The only clue to the identity of the annotator is the Kinnaird bookplate on the front pastedown. It seems very likely that this pamphlet was extracted from a large number of similar political pamphlets - many quite rare and also concerning America - from the Kinnaird library that were sold at Christie's on 15/12/2013, lot 160. At the foot of p.5 in this pamphlet is a manuscript note stating: "see the proceedings of the province of S[outh]. C[arolina] in [?vol] two...". In the Kinnaird pamphlets, comprising 43 titles in 5 volumes, sold at Christie's was a copy of Sir Egerton Leigh's Considerations on Certain Political Transactions of the Province of South Carolina (1774). 


Provenance: Barons Kinnaird of Inchture, with armorial bookplate of Charles Kinnaird, 8th Baron (1780-1826), with his arms impaled with FitzGerald, for his wife, Lady Olivia Laetitia Catherine FitzGerald, youngest daughter of the 2nd Duke of Leinster. The Barony of Kinnaird of Inchture (Scotland) was created in 1682 for Sir George Kinnaird (d. 1689), M.P. for Co. Perth 1661-63, and became extinct on the death of the 13th Baron in 1997 (from 1831-78 they also held the English Barony of Kinnaird of Rossie).


The annotator would have been his father, George, 7th Baron Kinnaird (1754-1805) who succeeded to the title in 1758. George Kinnaird is known as an art collector who was part of the consortium that bought the Orléans Collection in 1792 but he was also a banker and partner in the firm of Ransom, Morland and Hammersley, chairman of the British Fire Office insurance company and treasurer of the Royal Institution from 1801. He was a Scottish representative peer in the House of Lords from 1787-90,  Kinnaird also helped to found the Dundee New Bank in 1802. As such, he would have been conscious of the financial stress that the American War of Independence was putting on the British economy and would have been well placed to make comment on the implications of colonial taxation on America, albeit from the British point of view. He would have been at once conscience that the financial instability caused by the War was bad for his banks investments and the wealth of his investors but also keen to support and extend a taxation system derived from the colonies which stimulated the domestic economy.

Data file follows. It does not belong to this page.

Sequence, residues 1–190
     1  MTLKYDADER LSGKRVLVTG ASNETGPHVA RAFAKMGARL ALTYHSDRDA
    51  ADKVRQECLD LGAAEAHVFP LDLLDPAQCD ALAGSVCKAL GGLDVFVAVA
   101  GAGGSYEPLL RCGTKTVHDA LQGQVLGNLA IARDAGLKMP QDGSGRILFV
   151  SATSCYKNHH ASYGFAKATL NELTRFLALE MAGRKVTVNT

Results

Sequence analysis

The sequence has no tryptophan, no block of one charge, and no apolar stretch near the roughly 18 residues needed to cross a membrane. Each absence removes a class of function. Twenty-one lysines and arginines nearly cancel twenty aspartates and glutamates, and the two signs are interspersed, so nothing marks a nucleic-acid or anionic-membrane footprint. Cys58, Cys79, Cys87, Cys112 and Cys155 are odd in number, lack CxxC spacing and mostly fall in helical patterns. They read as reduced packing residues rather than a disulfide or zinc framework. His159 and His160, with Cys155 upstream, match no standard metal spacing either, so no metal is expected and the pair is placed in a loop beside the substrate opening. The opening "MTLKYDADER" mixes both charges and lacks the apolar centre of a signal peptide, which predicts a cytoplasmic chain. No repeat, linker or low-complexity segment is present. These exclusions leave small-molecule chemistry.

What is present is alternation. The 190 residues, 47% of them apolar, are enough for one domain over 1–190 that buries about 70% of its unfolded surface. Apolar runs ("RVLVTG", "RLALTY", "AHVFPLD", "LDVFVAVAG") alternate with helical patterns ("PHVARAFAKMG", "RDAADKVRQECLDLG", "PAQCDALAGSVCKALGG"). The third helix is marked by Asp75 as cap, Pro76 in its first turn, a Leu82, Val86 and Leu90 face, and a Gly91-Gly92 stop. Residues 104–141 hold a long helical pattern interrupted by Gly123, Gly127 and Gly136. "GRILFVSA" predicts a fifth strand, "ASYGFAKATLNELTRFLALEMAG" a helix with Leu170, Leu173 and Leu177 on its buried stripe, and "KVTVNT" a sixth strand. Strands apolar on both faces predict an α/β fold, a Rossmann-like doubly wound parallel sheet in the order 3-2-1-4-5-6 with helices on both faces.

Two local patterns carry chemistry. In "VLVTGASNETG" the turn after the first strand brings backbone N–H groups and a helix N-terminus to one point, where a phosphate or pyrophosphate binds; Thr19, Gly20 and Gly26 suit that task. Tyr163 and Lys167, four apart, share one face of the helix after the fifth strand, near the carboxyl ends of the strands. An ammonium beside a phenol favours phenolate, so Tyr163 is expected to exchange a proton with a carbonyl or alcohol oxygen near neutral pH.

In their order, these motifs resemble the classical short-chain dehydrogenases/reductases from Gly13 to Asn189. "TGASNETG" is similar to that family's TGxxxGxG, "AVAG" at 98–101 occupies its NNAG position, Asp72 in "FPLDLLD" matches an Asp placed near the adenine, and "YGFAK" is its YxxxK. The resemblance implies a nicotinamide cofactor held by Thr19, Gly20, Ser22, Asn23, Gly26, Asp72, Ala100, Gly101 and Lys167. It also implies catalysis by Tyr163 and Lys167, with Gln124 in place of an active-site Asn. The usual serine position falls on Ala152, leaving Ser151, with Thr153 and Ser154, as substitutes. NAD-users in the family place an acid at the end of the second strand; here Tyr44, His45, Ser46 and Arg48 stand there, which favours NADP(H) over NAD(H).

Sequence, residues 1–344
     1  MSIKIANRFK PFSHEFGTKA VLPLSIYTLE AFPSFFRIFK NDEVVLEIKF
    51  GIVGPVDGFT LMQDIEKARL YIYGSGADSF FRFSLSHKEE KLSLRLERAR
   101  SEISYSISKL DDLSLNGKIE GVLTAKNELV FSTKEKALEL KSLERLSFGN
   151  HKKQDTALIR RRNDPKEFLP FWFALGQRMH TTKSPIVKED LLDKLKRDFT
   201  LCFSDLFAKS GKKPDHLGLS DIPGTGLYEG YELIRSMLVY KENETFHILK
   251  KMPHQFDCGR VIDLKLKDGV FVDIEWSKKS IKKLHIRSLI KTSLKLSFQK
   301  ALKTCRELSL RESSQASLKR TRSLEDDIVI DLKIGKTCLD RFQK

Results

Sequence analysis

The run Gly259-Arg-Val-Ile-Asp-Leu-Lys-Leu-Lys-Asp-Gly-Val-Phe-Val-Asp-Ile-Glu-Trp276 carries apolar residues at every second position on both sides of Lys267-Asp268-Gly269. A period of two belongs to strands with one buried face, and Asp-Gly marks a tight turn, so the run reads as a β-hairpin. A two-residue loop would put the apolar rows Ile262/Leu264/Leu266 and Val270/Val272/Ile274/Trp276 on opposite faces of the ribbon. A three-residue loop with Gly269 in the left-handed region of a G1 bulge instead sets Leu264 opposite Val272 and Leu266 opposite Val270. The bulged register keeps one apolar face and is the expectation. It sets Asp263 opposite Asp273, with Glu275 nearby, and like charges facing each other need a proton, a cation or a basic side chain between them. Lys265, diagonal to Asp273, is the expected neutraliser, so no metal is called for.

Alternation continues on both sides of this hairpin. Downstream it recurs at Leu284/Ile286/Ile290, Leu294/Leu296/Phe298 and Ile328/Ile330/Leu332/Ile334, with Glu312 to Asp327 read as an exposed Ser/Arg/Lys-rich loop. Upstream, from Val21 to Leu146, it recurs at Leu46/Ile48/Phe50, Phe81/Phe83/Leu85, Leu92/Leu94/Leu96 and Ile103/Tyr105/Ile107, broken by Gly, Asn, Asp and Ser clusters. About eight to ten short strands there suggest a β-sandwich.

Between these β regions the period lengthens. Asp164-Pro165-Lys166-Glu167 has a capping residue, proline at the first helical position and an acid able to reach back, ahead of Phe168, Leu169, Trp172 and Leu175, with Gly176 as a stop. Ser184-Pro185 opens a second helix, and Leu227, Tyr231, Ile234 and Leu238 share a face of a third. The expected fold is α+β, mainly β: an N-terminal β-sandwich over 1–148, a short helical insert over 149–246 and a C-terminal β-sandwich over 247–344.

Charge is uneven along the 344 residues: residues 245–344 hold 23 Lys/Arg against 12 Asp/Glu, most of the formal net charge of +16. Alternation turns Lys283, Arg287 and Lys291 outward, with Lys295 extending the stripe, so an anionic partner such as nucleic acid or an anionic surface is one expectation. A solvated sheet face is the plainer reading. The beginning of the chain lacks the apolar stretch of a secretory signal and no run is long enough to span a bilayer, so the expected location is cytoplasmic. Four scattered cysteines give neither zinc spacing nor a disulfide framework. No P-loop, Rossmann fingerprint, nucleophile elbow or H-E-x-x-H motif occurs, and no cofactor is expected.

Later Provenance: With Simon Finch Rare Books (pencil stock number on the pastedown). Anonymous sale, Dominic Winter, 11/11/2020, lot 2: "extensively annotated to margins throughout in manuscript by an authoritative hand...It is possible the annotator is Andrew Elliot (1728-1797), Governor of New York (1779-1783)." We have compared Andrew Eliot's hand with that of the annotator and they do not match and our conclusion is that the annotator was George, 7th Baron Kinnaird.

Stock Code: 242233